Any loft planning that requires changing the roof structure is likely going to set you back the furthest. Removing your roof requires hiring an experienced designer and increases labor and material costs.
This type of loft arrangement is almost like adding an addition to your home since you’re making significant changes to the exterior. When you change the roof on your house for loft planning, you can expect to pay around the same amount as you would if you opted for a ready-made loft conversion.
Loft Planning and Professional Fees
Loft extensions usually fall under permitted development rights of municipalities, but it’s worth checking before commencement. It’s also worth checking with your local authorities to see if there are any required permits.
After you find out how much to board a loft check with your HOA to find out whether you’re allowed to. HOAs often have rules and regulations on additions to apartments.
If you live in a duplex or townhome, you’ll need an agreement between you and your neighbors. This agreement can cost anywhere from $800-$1000 per neighbor.
Building control fees can cost around $500. These fees are payable by the owner to the local government. The government then hires an independent inspection agency to certify the building has a sound structure and is safe for a loft renovation.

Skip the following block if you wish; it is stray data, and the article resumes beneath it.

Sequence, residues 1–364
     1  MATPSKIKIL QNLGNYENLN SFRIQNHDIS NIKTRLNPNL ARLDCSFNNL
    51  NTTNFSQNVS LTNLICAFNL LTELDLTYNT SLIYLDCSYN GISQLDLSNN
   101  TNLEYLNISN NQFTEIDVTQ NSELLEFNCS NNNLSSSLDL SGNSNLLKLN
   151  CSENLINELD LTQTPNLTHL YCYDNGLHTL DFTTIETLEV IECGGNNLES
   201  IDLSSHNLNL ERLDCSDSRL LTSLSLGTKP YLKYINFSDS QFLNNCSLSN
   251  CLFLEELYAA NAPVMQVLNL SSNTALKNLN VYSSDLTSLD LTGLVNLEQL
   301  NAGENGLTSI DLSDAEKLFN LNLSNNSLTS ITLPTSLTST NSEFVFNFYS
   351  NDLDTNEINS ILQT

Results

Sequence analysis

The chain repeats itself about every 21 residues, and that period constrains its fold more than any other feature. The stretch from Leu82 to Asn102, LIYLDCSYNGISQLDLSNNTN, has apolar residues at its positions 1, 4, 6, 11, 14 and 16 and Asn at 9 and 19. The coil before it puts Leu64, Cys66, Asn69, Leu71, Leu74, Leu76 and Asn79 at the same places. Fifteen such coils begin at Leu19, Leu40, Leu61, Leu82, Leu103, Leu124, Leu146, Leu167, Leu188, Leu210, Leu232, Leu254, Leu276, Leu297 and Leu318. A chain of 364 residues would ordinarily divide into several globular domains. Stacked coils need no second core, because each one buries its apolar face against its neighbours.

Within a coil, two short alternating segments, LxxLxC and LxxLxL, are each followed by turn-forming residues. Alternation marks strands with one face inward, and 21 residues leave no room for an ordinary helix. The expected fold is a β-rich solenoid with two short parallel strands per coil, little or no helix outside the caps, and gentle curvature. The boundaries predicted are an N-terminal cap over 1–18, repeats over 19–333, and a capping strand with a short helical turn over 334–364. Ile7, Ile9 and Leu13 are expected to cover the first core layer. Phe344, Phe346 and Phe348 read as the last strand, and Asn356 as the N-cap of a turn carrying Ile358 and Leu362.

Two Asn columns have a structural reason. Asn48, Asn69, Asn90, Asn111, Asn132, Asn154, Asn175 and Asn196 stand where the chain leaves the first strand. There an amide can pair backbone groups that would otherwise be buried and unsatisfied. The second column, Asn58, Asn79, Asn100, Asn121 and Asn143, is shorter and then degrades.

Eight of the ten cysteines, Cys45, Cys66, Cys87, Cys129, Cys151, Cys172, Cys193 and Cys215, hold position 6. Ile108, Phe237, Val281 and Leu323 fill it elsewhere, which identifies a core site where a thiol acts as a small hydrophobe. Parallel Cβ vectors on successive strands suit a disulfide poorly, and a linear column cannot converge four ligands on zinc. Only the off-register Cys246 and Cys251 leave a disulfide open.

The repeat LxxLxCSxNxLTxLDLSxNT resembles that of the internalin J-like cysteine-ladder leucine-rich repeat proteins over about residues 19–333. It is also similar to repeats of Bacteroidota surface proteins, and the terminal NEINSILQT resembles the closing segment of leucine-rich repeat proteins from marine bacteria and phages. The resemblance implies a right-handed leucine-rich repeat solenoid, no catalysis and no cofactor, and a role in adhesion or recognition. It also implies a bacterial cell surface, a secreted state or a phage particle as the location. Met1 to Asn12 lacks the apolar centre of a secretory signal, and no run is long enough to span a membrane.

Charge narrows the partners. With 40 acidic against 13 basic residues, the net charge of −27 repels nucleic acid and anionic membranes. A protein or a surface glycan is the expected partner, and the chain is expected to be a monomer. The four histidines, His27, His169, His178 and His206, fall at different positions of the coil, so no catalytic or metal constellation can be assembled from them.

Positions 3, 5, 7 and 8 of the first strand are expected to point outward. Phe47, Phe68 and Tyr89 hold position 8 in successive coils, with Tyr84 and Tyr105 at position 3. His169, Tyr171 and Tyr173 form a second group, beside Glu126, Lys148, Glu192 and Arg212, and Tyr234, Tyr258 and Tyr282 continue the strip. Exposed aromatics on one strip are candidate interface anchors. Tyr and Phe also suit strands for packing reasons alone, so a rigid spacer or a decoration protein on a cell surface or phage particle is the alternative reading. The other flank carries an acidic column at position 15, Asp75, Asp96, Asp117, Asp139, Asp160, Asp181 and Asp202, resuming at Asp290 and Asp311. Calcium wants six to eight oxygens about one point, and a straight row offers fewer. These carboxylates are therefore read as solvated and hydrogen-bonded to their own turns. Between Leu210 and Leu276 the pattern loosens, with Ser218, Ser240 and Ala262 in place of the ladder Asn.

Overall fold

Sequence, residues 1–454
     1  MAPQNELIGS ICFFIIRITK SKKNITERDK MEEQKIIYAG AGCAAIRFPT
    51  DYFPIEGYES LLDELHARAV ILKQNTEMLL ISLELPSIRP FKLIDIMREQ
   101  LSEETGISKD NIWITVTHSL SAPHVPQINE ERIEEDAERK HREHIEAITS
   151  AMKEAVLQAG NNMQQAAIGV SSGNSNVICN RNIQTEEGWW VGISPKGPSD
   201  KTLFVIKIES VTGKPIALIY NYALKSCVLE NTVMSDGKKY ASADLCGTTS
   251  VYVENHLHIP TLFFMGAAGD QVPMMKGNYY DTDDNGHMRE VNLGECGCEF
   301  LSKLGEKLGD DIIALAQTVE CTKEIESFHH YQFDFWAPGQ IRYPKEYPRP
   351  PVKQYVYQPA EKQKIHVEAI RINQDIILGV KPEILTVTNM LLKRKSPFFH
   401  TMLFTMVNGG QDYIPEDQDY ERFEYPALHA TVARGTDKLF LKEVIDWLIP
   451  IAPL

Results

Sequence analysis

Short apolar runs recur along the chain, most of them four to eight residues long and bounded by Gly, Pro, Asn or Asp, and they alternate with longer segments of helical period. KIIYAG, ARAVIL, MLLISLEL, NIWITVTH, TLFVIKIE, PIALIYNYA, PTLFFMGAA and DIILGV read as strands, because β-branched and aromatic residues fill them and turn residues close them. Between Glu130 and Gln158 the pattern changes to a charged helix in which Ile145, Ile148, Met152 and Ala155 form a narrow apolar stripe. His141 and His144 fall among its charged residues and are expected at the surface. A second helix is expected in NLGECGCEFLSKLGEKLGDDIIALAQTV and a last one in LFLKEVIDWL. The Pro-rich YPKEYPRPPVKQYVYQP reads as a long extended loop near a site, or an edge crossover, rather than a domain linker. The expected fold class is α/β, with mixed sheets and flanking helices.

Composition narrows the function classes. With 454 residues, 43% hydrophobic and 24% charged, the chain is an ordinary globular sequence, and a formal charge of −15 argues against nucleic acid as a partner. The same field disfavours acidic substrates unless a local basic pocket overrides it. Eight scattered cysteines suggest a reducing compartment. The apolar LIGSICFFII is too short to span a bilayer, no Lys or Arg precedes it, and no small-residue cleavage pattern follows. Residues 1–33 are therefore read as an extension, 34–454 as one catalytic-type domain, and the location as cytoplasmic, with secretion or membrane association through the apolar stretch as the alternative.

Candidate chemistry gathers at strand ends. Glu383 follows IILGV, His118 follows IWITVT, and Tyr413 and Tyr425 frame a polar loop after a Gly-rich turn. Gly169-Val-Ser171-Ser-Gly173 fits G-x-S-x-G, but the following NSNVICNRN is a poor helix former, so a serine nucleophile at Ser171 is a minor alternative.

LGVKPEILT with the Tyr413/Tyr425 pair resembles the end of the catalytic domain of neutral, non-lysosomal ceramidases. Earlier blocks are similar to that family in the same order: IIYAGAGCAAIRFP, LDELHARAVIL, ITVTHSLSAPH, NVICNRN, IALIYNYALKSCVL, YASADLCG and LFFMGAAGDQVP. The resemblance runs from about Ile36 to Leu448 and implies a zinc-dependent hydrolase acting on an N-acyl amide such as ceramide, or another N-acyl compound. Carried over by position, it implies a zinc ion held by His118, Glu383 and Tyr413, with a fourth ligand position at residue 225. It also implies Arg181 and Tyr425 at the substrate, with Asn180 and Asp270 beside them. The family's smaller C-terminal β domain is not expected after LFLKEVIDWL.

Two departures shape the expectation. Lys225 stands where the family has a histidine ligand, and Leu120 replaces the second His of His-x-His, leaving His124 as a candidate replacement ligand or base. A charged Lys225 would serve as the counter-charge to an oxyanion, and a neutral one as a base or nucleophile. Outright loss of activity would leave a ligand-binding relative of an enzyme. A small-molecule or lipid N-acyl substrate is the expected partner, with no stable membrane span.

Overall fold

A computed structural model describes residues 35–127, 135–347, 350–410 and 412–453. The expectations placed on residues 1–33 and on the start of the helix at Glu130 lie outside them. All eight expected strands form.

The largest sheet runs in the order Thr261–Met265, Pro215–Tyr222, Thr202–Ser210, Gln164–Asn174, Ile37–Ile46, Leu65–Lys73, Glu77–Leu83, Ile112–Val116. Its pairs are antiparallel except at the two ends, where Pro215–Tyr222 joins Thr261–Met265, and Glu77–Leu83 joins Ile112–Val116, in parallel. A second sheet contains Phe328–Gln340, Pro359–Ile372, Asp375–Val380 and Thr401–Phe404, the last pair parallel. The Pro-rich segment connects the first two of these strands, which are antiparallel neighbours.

Smaller companies offer more affordable deals than large companies. The savings can be as much as 10-15 percent. You can save even more if you opt to complete all the renovations yourself. But that is a sizable commitment that may not be realistic for most people.
Companies usually include their design costs in their overall quote. However, if you contract an architect outside of the construction company, plan on paying a considerable amount extra. Design fees fall anywhere from 3% to 7% of the construction cost.
Minimum costs include the planning drawings and construction drawings, which cost around the same. If the loft planning includes structural alterations, expect to pay more for the architect’s plans.
If you’re expecting the architect to contract, appoint the builder, and negotiate the contract with the construction company, they will ask for a higher cut of the overall costs.
While loft planning, you should also consider interior fittings. Some of these are necessary, such as electric points and light fits. Others, such as flooring and decor, are considered add-ons.
Some companies offer interior decoration consulting, while other construction companies stick to the essential components.
For anything besides the essential fittings, you’ll need a separate quote from the construction costs.
How Much Is A Good Price
Loft planning depends on many figures. A great rule of thumb, however, is to ask yourself whether the loft adds value to your home and adds joy to your life.
You should never pay more for an addition to your home when you can buy a more spacious house for left. Loft budgets can get out of control, but as long as you’re not going overboard, a loft could be the perfect addition.
Add Joy to Your Home With a Loft
Loft planning adds joy to your home, but it also adds joy to your life. With less clutter, more room to organize your possessions, and exciting new living space you’ll be on cloud 9.
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Author: Darcy Murphy